With Nigeria’s power generation at perhaps an all-time low, President Umaru Yar’Adua announced Friday in Paris that his administration would formally declare an emergency in the country’s power sector next month, the Nigerian state house said in a statement.
Responding to concerns expressed by prospective French investors over current power supply problems in Nigeria, President Yar’Adua said that under the emergency, which will be in force for three years, the federal and state governments would set aside US$5 billion for the rehabilitation and expansion of Nigeria’s power generation, transmission and distribution infrastructure.
The President told the gathering of French businessmen that after the three-year emergency period, Nigeria’s generation and distribution infrastructure would be privatised, while its transmission infrastructure would remain under the control of a state-owned company.
He said that Nigeria would seek additional financing from international finance institutions for the rehabilitation and expansion of its power infrastructure, adding that his administration intended to establish a proper foundation for the increment of Nigeria’s power generation capacity to about 50,000 megawatts by the year 2020.
President Yar’Adua had said, during his electioneering campaign last year, that he would immediately declare a power emergency on assumption of office, as part of measures aimed at raising power generation in the country.
Nigeria, Africa’s most populous nation of 140 million, currently generates far less than 2,000 megawatts of electricity, which is not less than enough to power the economic capital city of Lagos.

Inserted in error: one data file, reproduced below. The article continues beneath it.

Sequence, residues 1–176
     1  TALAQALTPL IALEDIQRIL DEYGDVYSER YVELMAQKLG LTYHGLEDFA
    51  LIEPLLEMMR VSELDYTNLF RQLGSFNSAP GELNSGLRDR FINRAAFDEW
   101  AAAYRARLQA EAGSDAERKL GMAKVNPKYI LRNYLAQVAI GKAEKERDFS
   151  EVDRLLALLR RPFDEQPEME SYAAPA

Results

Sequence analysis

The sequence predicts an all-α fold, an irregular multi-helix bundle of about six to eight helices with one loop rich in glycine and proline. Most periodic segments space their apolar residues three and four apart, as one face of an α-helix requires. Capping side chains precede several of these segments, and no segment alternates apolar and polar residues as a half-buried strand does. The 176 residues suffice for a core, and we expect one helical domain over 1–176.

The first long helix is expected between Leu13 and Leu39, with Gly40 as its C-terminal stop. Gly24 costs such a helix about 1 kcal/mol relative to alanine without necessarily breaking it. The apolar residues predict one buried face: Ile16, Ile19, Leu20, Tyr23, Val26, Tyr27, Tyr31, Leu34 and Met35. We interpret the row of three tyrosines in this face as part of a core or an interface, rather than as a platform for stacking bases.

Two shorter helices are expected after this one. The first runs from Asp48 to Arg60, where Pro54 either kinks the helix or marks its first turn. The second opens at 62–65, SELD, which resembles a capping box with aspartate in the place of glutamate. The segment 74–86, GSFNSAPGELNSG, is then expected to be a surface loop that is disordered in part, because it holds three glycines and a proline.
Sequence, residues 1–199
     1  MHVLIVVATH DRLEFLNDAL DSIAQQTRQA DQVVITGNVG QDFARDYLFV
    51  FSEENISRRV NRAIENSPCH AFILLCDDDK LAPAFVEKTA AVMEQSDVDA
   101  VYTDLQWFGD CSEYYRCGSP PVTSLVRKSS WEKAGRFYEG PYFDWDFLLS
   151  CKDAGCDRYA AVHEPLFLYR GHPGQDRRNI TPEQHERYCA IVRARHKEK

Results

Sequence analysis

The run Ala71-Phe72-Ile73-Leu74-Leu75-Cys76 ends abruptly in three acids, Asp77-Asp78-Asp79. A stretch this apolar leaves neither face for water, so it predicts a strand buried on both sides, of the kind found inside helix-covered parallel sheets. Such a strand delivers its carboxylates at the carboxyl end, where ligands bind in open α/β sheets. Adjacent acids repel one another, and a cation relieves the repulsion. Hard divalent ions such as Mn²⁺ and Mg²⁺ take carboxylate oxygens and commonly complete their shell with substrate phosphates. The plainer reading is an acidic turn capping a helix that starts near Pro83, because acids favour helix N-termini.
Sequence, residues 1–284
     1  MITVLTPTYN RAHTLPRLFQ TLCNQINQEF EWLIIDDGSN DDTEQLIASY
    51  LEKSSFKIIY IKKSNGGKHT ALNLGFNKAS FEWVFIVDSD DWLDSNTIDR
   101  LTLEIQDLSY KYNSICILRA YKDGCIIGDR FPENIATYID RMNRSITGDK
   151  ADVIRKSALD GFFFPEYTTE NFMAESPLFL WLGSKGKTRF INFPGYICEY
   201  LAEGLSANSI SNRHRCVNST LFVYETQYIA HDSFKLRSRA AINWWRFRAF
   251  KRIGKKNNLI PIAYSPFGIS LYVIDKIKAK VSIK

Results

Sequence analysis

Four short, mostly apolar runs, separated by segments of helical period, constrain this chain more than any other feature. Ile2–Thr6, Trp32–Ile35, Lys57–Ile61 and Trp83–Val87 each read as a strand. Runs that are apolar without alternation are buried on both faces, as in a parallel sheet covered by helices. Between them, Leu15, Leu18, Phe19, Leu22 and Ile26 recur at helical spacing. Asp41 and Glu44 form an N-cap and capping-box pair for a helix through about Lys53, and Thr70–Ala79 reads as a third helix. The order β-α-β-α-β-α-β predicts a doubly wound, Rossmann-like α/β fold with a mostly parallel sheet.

The low generation has led to massive load shedding (power outages) in recent times, triggering widespread calls on the President to declare the emergency.
On the Niger Delta, the President said that a summit of all stakeholders in the region would take place next month, in furtherance of his administration’s efforts to address the causes of militancy and violent agitation in the area.
Before leaving Paris for Abuja, President Yar’Adua met with African Ambassadors to France.
He told them that as Africa’s representatives in one of the world’s major economies, they had a duty to make the continent’s case for equity to its development partners and to present its perspectives on the critical socio-economic, developmental and political issues in a fast-globalising world.
“In the reality of today’s world, you have a responsibility and obligation as Africans to form yourselves into a functional, pro-active and effective synergy to drive our continent’s quest for regeneration.
“In the spirit of our collective quest for enhanced continental integration and eventual Union Government, you are obliged to speak with a single, strong African voice on issues that pertain to the continent’s desire for the evolvement of a globally competitive regional economy.
“In that way, we can ensure that we work collectively to extricate Mother Africa from the vicious cycle of underdevelopment, endemic poverty and instability,” President Yar’Adua told the Ambassadors.